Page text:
Yellowstone Grizzly Kills Two Other Bears

By October 29, 2007December 19th, 2023Brown Bear, National Parks, Wildlife, Wyoming, Yellowstone

Shortly before my visit to Yellowstone National Park this fall to photograph elk, I learned that not one but two female grizzly bears had been killed, presumably by other bears. Fratricide among adult grizzlies is not particularly unusual, but two killings within days of one another is strange. Since both females were killed in the same part of the park, it is natural to presume they met their demise from the same cause: a male grizzly bear (Ursus arctos horribilis). When I arrived in the Lamar Valley, I spoke with a few photographers and animal watchers who told me that indeed the conventional wisdom, based as it was on circumstancial evidence in the absence of any witnesses to the killings, was that a single large male grizzly was probably responsible for the killings. I was fortunate to spot the bear as I was passing through Little America near the distinctive stand of aspens on the north side of the road, not far from the river. By the time the bear had made his way up from the river to cross the road near me quite a crowd had formed. I was told that a “bear researcher” was among those watching, and that this researcher had confirmed the bear as being the one suspected of the killings in the preceding weeks. The bear was bending his nose, perhaps to get a better scent of the people watching him.

Grizzly bear, autumn, fall, brown grasses, Ursus arctos horribilis, Lamar Valley, Yellowstone National Park, Wyoming

Grizzly bear, autumn, fall, brown grasses.
Image ID: 19614
Species: Grizzly bear, Ursus arctos horribilis
Location: Lamar Valley, Yellowstone National Park, Wyoming, USA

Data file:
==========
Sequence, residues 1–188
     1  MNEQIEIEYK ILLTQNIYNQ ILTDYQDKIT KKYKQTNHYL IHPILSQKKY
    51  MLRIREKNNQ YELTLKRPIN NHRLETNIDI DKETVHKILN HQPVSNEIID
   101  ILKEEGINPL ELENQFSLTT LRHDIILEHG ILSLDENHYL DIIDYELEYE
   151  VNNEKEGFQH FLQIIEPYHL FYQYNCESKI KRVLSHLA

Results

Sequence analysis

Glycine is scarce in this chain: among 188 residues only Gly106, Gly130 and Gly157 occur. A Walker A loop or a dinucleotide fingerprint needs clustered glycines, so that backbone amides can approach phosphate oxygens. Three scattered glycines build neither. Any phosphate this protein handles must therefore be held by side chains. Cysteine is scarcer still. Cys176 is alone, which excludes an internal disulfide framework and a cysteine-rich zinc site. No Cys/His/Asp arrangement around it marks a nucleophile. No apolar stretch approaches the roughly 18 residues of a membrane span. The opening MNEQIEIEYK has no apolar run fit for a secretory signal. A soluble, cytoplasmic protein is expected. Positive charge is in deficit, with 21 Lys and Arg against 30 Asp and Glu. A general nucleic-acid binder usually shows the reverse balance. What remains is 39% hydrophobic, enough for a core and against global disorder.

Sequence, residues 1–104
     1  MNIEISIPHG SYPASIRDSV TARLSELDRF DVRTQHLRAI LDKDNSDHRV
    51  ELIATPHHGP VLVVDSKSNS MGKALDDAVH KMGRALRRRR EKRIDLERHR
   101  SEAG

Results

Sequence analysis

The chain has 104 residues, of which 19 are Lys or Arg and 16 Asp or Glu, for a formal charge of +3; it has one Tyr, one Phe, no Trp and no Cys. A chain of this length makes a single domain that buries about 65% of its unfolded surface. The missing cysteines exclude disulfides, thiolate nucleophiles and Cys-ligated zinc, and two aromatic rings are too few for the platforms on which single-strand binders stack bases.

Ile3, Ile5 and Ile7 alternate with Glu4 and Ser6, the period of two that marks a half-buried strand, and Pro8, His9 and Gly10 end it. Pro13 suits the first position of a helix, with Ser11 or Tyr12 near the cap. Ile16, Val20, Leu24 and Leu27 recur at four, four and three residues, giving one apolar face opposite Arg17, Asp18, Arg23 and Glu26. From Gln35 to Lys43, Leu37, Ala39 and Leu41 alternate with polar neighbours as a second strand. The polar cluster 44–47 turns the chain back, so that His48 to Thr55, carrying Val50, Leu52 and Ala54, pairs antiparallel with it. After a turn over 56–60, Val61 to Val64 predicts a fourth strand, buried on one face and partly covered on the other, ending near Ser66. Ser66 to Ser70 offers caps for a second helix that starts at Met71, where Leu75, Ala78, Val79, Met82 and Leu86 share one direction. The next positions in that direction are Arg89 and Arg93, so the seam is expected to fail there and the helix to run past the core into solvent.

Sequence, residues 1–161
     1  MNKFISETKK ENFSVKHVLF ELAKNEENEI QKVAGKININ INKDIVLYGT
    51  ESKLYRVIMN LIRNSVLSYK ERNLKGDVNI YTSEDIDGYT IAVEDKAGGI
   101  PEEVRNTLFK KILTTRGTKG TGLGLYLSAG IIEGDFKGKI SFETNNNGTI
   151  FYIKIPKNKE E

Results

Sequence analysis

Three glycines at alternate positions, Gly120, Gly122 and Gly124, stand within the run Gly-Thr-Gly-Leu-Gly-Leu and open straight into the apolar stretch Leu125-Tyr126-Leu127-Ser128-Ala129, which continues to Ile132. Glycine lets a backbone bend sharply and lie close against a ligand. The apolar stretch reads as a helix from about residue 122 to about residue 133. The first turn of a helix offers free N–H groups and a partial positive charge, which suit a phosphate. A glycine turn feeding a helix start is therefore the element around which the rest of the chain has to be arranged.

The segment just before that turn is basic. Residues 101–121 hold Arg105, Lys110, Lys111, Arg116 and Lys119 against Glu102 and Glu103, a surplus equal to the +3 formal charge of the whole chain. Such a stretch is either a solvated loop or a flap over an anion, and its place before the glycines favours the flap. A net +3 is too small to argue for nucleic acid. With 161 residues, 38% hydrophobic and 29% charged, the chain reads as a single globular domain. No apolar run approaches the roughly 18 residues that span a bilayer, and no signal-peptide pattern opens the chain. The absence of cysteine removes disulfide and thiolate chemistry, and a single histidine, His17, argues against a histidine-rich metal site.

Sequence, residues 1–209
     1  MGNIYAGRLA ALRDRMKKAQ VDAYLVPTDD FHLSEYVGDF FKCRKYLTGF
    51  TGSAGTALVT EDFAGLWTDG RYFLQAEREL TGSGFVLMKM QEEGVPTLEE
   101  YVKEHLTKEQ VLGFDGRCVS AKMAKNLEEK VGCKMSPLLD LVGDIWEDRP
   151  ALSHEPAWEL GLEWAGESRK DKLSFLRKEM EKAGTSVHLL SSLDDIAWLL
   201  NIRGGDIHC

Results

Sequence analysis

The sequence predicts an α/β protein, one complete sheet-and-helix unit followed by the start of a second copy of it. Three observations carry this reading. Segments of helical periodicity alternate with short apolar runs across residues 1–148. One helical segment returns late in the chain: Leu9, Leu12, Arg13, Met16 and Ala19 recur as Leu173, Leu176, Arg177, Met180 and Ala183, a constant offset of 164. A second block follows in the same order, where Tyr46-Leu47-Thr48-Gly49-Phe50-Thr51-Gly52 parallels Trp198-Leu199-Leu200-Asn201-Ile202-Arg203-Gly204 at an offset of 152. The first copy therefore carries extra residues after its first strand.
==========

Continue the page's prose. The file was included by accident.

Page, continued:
“Grizzly bears” and brown bears are one and the same species. Perhaps they are best thought of as distinct races of the same species, differing in size primarily due to diet. Some refer to grizzlies as Ursus horribilis or Ursus arctos horribilis but that is a distinction without a difference and I suspect would be discounted by modern taxonomists. The scientific name is Ursus arctos and I only include the horribilis on my web site to help distinguish between the two races. “Coastal” brown bears, which inhabit coastal regions in Alaska and Canada and include the famous Kodiak Island, Katmai and Kenai populations of brown bear, have access to vast amounts of fat rich salmon and thus grow considerably larger than interior grizzlies. Indeed, coastal brown bears are the largest bears found in the world. Grizzlies are found further inland in Alaska through Canada and into the northern United States and are often seen in Yellowstone, Grand Teton, Glacier and Waterton Lakes National Parks.

About Phil Colla

I am a natural history photographer. I enjoy making compelling images in the ocean, on land, and in the air. I have maintained the Natural History Photography blog since 2005 and my searchable Natural History Photography Library since 1997. Here are some tear sheets and behind the scenes views. Thanks for looking!